In this lesson, you will learn how paraphrasing, summarizing, and rearranging words are different.
At the end of this lesson, you should be able to...
- paraphrase a passage appropriately while retaining pertinent data
- identify and distinguish among examples of "paraphrased" material
- identify the proper approach to paraphrasing
- determine whether or not information qualifies as common knowledge and, therefore, whether or not it needs to be cited
Before we dive into the lesson, take a minute to read the following few lines from an interview I recently conducted:
Me: So, you got into pretty big trouble, huh?
Him: Yeah, I mean, I thought if I said it my own way, it wasn't plagiarism.
Me: Well, even if you "say it your own way," you still need to give credit to the source.
Him: Yeah, I know that now.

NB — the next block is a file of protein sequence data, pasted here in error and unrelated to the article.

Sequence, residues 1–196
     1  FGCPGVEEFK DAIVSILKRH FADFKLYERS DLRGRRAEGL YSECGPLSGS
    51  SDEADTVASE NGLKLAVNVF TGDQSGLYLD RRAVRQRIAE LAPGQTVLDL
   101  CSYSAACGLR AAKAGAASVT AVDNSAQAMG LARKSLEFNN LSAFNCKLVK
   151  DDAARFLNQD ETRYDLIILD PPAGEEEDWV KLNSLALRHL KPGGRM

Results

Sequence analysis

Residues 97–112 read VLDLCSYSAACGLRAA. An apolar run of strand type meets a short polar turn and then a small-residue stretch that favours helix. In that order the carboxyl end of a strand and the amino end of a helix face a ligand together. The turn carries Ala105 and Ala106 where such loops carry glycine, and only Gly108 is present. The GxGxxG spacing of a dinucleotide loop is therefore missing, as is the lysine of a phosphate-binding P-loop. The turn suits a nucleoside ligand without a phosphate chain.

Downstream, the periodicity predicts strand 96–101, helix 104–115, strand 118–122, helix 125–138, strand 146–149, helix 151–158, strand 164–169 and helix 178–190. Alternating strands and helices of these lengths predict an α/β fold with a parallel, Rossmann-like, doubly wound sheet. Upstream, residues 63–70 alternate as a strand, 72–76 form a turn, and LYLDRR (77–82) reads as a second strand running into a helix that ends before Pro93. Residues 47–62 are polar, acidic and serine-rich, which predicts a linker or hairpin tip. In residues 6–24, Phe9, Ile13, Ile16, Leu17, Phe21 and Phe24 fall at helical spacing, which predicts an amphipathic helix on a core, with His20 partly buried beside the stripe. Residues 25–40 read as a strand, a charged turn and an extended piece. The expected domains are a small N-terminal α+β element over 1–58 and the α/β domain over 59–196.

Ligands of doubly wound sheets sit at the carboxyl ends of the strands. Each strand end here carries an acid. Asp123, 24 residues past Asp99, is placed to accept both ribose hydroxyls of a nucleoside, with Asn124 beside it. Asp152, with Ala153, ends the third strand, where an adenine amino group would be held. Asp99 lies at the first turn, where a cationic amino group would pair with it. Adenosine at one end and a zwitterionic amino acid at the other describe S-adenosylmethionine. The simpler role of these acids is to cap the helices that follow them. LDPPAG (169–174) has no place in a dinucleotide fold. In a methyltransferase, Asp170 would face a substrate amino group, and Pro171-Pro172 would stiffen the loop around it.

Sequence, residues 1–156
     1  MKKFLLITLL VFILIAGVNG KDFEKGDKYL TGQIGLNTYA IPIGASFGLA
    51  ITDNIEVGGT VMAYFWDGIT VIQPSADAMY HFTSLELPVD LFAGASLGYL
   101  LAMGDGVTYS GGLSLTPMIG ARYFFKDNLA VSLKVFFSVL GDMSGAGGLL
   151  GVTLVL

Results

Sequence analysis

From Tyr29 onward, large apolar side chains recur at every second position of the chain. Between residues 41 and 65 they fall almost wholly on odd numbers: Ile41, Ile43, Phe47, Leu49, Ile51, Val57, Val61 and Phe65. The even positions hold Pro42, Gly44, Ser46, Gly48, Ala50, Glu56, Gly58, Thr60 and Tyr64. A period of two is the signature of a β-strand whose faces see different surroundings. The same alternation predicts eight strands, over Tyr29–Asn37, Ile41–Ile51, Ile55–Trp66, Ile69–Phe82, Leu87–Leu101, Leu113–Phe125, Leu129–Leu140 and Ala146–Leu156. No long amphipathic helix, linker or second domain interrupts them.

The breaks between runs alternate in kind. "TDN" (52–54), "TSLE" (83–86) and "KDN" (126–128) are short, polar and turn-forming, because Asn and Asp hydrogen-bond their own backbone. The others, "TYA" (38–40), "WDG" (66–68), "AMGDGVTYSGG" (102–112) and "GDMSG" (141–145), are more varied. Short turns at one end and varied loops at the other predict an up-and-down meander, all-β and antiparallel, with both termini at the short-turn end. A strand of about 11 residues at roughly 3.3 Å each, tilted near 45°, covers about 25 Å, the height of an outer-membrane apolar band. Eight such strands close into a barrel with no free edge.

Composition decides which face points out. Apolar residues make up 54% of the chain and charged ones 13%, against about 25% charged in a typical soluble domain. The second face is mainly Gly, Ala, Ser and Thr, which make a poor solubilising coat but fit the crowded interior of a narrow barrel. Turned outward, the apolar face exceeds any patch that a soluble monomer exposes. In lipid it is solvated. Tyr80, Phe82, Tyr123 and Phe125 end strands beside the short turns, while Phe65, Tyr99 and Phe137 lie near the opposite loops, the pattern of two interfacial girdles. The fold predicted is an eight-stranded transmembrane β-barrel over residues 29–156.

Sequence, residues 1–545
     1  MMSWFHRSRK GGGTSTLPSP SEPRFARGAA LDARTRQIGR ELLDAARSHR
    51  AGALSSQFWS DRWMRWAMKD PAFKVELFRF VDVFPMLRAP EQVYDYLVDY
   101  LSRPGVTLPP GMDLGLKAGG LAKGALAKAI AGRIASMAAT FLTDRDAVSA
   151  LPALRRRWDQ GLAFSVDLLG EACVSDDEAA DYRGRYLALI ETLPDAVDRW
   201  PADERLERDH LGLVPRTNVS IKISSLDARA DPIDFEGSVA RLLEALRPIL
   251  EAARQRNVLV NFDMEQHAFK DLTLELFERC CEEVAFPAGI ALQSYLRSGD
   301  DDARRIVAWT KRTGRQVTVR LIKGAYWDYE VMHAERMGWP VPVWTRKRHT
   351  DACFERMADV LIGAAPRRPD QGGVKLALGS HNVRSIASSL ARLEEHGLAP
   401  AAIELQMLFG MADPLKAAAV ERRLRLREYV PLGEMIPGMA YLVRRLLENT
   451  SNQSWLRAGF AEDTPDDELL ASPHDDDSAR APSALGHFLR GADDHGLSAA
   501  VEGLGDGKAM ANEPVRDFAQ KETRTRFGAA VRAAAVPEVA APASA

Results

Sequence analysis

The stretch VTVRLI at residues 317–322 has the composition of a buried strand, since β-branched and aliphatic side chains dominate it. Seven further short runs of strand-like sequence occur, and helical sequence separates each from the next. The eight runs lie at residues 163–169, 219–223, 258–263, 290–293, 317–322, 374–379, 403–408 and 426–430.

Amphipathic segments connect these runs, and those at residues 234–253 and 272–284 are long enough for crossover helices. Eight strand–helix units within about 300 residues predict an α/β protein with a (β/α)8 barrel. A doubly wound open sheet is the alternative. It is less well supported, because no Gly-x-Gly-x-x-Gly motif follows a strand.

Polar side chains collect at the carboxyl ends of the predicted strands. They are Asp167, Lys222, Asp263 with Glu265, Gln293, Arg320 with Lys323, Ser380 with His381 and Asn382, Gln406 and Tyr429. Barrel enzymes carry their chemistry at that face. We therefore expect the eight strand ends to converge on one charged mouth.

Me: By the way, what did you mean when you said, "said it my own way"?
Him: I mean that I rearranged the words, and I found a lot of synonyms for stuff.
Me: Uh-huh. Well, what are you up to now?
Him: After I failed that class, the college I was going to go to wanted to know why. When I told them what happened, they took back my acceptance.
Him: Yeah. Now I can only find work as a test subject.
Me: What does that mean?
Him: I sign up for medical studies and let them test stuff out on me. Right now I'm doing a study for a high abrasion toothpaste. It's not going well.
Me: What do you mean?
Him: Look, six teeth have fallen out. (smiles - sure enough, six teeth are missing.)
If you have stories like this, click on the blog link under Unit 2 and share!
Let's get this party started - NEXT